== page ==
Pig meat trade down in January as Brexit brings port disruption

UK exports of pig meat (including offal) fell by nearly half in January compared to the same period the previous year, dropping to only 15,600 tonnes, according to data from HMRC

The decline was largely driven by a fall in exports to the EU, which were only 2,500 tonnes, a reduction of 13,000 tonnes (-84%) year on year, supporting widespread reports of disruption due to increased administrative requirements, and inspections at EU ports.

It is apparent, according to an AHDB report, that some pig meat exporters shipped increased volumes in the later months of 2020, likely in anticipation of difficulties or the possibility of tariffs in the New Year and would offset some of January’s losses.

AHDB said: “We know that those attempting to export face an increased administrative burden, but we don’t know how many of them deferred exports until the processes became clearer. It may also take some time to establish how much trade is lost longer term, from companies that no longer find it profitable to export at all.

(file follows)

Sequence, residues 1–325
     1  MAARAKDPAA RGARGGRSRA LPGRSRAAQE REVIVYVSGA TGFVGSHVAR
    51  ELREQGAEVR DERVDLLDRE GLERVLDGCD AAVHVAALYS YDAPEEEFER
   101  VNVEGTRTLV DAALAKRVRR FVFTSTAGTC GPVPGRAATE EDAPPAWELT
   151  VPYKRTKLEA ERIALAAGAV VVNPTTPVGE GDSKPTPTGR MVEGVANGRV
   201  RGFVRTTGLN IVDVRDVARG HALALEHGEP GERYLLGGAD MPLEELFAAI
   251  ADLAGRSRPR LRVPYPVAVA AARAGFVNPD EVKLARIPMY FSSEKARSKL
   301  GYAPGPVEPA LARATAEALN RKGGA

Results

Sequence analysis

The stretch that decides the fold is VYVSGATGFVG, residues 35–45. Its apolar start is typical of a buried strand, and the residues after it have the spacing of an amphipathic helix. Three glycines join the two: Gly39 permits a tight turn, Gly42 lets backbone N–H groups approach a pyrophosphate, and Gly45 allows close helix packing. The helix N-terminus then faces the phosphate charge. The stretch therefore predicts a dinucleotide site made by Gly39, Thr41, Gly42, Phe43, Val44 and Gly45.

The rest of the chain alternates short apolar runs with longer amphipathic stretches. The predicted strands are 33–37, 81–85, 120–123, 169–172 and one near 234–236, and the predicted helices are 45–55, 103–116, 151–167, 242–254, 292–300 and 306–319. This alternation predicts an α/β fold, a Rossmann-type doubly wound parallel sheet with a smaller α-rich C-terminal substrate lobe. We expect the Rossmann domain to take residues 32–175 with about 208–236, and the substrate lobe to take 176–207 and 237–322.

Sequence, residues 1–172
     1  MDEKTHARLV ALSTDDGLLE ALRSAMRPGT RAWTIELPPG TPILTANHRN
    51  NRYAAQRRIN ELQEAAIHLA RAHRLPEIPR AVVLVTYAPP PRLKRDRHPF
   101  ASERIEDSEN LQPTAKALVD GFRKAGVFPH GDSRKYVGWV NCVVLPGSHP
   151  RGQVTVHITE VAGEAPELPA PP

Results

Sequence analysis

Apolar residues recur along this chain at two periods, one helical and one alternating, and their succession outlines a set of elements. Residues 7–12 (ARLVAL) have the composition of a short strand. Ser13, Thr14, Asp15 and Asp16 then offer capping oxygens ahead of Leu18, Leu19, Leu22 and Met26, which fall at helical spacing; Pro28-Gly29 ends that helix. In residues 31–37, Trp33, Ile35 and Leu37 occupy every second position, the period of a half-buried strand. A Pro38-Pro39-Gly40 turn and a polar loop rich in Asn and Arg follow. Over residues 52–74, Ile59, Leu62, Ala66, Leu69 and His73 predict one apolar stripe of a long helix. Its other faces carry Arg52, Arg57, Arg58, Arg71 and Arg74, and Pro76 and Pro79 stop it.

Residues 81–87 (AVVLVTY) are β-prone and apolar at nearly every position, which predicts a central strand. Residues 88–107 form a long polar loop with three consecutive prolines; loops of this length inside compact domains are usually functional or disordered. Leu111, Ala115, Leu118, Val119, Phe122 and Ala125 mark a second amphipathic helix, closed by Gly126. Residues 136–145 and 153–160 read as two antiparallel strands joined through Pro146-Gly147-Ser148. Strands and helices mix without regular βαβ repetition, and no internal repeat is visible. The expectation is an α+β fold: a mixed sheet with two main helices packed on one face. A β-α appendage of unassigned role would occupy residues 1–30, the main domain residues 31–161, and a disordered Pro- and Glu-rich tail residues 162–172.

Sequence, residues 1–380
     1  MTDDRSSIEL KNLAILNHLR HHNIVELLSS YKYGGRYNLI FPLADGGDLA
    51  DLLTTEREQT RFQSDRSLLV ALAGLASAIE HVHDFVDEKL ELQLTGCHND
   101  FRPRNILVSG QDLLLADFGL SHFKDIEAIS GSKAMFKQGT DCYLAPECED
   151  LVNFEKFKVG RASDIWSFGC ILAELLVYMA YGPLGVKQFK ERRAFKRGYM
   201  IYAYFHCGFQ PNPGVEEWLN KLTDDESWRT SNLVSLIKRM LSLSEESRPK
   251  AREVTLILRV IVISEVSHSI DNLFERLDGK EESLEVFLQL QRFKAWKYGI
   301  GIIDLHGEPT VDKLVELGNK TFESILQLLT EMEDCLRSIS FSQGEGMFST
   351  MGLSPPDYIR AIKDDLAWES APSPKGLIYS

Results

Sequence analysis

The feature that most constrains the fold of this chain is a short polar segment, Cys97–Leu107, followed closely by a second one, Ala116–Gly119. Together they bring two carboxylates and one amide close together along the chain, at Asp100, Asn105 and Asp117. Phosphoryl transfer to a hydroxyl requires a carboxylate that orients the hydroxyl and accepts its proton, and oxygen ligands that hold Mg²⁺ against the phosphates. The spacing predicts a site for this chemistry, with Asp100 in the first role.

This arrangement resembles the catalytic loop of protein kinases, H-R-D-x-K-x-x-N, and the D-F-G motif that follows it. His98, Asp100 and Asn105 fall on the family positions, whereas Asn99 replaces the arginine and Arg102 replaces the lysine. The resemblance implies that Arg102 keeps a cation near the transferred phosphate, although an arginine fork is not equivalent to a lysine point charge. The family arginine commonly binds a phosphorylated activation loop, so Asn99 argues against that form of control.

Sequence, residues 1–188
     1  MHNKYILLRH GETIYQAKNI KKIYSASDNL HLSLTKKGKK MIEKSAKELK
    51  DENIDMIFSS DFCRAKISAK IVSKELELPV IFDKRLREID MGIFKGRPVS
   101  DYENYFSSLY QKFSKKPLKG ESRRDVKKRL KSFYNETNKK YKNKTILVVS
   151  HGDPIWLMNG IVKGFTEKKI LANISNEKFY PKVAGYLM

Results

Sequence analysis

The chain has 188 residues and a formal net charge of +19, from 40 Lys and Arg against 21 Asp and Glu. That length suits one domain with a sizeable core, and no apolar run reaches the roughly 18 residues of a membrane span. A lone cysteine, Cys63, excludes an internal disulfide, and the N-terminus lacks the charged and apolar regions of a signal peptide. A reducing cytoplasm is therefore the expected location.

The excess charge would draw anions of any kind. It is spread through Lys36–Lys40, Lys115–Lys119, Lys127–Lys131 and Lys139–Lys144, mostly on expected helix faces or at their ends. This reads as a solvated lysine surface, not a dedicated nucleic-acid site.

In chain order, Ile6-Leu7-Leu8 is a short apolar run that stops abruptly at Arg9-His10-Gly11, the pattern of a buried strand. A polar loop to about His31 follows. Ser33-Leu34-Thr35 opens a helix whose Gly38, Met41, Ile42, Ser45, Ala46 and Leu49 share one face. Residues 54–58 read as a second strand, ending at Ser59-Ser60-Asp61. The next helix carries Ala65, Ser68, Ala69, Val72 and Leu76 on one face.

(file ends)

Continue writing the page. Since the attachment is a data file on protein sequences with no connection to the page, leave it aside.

Imports of pig meat from the EU were also down despite the lower level of scrutiny at the UK border. Import volumes fell by 30,000 tonnes (-41%) year on year, to only 42,600 tonnes in January.

AHDB noted that there are some inconsistencies between UK trade figures and those reported by its trading partners, and so this initial release of trade figures should be viewed with some caution.

This is likely due to a change in the way HMRC collects trade data as of January 2021, which will be reflected in the trade statistics. Comparisons between this and historic data should may be subject to future revisions.

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